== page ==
Los Angeles

Jeffery Vallance

Rosamund Felsen Gallery

Wryly entitled “Icelandic Women and the King of Tonga,” Jeffrey Vallance's latest exhibition explored two very different cultures through the mythic power of their chief icons: Tonga's avuncular, 462-pound King Taufa'ahau Tupou IV, and Iceland's beautiful, flaxen-haired women. Vallance followed his usual procedure of visiting the distant island communities and, through prearranged audiences with the local heads of state and collaborations with native craftsmen, combining and confusing the roles of artist, ambassador, sociologist, and travel correspondent to produce work that resembles a TV-generation encyclopedia of cultural hybridization. Like most of Vallance's projects, the show was divided into distinct yet interconnected semiotic parts. Hand-tinted photographs of the artist with the Tongan king and with President Vigdís Finnbogadóttir of Iceland, alongside letters of introduction from Los Angeles Mayor Tom Bradley, documented Vallance's role as international emissary, while anecdotal texts, scrapbooks, and audio tapes described his experiences as an anomalous outsider and representative of dominant “alien” culture.

The work itself utilized both native and Western esthetic techniques. In Tonga, Vallance discovered the tradition of making drawings on delicate tapa cloth with the difficult-to-work, dark brown tongo dye (derived from the bark of the mangrove tree), using the bristly nut pods of a local palm tree as paintbrushes. The results were a series of crudely rendered “cartoons,” all 1985, in which a central icon (the king or indigenous fauna) is surrounded by an idiosyncratic cornucopia of signs, ranging from U.S. and Soviet missiles to local seashells. Vallance followed a similar compositional strategy in his drawings of Icelandic beauties. Using pencil and crayon, in the style of sidewalk portrait artists, Vallance flanked each woman's face with a sampling of local eels and fish, drawing a direct visual correlation between the archetypal sexual power of the two icons, a connection reinforced by both Icelandic and Polynesian folklore. The exhibition also included seven large paintings, five scrimshaw works, a wood carving, and a vase that he made from the trunk of a coconut palm.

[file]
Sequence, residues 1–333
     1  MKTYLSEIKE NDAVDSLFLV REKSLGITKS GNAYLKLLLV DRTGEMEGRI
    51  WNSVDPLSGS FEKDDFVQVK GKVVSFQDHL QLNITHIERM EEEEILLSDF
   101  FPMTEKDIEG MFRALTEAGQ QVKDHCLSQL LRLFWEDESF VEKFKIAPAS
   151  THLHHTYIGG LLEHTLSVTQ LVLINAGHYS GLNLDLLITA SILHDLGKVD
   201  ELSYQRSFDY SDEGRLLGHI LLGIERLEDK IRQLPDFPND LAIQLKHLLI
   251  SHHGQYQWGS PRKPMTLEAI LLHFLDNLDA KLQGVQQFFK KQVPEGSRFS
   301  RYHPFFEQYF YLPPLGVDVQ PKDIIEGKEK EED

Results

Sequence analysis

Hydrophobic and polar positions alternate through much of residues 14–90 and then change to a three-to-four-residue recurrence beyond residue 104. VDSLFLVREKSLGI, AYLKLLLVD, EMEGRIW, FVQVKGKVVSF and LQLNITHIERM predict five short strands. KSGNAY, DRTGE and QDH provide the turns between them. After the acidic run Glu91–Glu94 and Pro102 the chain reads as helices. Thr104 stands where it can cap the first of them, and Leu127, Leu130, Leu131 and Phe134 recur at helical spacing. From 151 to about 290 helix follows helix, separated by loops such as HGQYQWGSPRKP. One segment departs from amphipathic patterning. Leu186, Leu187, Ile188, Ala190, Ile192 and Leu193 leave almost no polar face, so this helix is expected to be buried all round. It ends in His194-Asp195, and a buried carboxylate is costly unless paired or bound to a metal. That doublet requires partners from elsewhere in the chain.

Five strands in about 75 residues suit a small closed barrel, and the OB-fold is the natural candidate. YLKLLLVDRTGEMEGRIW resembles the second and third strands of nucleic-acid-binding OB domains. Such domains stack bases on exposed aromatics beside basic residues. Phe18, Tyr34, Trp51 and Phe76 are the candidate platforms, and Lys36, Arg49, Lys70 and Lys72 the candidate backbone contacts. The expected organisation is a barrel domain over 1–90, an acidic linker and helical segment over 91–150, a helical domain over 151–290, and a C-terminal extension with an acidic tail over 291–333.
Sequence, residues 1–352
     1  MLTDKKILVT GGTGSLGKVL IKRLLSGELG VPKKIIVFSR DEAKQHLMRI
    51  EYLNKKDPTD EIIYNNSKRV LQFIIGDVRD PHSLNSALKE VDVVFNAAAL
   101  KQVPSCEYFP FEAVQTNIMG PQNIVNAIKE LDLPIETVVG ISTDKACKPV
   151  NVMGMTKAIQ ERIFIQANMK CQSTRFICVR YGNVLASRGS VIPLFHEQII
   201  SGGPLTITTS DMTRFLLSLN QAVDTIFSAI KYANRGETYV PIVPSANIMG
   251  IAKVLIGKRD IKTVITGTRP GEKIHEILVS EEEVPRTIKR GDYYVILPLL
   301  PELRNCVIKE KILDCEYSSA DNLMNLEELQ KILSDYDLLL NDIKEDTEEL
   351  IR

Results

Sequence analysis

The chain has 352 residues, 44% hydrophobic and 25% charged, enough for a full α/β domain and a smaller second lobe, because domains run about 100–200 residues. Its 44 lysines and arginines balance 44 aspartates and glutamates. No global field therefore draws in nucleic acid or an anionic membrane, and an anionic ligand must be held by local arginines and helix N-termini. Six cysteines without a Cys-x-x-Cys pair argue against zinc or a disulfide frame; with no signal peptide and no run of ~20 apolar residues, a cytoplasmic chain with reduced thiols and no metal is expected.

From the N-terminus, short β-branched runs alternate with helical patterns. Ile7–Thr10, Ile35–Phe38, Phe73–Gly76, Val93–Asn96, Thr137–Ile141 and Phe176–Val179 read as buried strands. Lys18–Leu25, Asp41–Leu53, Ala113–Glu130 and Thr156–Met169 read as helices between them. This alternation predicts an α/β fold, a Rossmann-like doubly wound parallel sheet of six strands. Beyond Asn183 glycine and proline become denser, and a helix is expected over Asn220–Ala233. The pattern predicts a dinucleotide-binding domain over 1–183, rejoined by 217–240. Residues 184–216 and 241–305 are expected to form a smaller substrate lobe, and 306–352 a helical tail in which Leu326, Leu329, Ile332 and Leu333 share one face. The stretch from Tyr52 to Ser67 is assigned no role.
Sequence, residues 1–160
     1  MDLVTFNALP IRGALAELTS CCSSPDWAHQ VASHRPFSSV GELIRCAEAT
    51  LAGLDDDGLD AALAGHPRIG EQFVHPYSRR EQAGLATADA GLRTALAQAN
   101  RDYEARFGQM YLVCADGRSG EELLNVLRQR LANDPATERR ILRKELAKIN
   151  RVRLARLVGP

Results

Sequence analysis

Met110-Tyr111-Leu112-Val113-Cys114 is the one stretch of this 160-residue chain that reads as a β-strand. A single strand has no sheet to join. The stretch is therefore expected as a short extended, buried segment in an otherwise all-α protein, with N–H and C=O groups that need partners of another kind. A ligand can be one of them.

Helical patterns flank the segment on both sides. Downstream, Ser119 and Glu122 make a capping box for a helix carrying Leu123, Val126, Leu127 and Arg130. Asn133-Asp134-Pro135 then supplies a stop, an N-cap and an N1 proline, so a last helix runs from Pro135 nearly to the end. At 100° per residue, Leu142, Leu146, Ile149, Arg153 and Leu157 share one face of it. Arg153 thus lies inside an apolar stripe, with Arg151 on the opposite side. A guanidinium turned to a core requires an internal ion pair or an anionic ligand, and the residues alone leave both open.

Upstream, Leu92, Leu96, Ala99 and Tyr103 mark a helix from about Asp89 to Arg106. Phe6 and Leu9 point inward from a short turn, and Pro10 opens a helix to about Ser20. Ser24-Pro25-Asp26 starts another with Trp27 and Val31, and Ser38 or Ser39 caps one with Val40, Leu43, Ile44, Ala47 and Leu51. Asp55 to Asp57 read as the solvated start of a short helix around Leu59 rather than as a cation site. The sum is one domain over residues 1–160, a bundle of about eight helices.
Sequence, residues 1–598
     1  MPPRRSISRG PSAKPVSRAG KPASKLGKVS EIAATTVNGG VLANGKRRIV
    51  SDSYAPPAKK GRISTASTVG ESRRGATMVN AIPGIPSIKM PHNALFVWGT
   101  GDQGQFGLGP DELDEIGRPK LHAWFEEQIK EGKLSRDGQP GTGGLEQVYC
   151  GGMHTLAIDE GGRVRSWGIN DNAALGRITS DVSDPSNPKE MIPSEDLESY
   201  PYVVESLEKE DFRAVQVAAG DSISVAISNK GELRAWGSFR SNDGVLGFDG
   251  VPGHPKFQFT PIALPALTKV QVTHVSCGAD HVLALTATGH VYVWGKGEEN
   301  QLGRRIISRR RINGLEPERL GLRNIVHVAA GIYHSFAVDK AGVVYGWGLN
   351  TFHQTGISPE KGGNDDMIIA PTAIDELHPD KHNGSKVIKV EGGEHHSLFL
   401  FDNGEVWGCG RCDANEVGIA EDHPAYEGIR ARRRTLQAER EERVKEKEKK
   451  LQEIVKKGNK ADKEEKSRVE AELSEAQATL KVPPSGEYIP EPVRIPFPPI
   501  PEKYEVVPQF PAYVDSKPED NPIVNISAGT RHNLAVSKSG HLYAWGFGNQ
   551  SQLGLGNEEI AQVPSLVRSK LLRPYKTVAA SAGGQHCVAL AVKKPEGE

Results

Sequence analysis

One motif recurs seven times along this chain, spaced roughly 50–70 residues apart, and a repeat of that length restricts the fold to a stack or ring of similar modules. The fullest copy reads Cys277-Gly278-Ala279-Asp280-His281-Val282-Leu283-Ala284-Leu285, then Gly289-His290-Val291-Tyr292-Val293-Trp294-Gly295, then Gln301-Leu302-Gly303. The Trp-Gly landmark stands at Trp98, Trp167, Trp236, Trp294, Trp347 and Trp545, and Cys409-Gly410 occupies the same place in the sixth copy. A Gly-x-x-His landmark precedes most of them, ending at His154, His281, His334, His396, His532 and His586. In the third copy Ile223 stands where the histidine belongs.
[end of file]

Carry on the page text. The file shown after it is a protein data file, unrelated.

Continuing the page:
Vallance integrates his subjects into a mediated worldview where semiotic colonization constantly nourishes and reproduces itself, so that notions of origins and ethnic “purity” are blurred and ultimately disintegrated. This is particularly evident in his large paintings, 1987, in each of which a central panel of island motifs is bordered by a series of small, uniformly shaped signs that look like a cross between heraldic shields, Swiss canton badges, and hot-rod decals. These “decals” are decorated with drawn or photographic images of Western film, TV, and rock stars, credit cards, corporate logos, military hardware, native symbols, and an occasional erotic vignette. Thus a simulated tapa-cloth painting of the king of Tonga in military uniform (an ironic comment on native appropriation of Western pomp and circumstance) is suddenly metamorphosed into the image of a monochrome television screen, surrounded by various significations of conspicuous consumption, from a Polynesian pinup for Best Western to a deadpan portrait of Los Angeles art guru John Baldessari.

Vallance's strength is his ability to deconstruct mediated culture without producing one-sided, Baudrillard-like philippics against “the obscene delirium of communication.” While it's true that one community's mythic heritage has become another's idea of kitsch (one thinks of Polynesian tikis adorning the bar at Trader Vic's), and Western interpretations of différance have usually led to romanticized mystification (Gauguin's entire oeuvre), Vallance sees the process as a more ambiguous discourse. Perhaps the key work in this respect is The World International Centers, 1987, a map summarizing Vallance's journeys and output over the past two years, where a single line unites Reykjavik, Iceland; Canoga Park, California (his home base); and Nuku'alofa, Tonga. Here Vallance merges the artist as creative “island” and his subjects as “fantasy islands” into a pluralist sign where distinctions between the local “other” and the international mainstream are at once reinforced and dissolved. Like Derrida critiquing Lévi-Strauss, Vallance discloses the myth of authenticity while laying strong claims for an “authentic” vision of his own.

Colin Gardner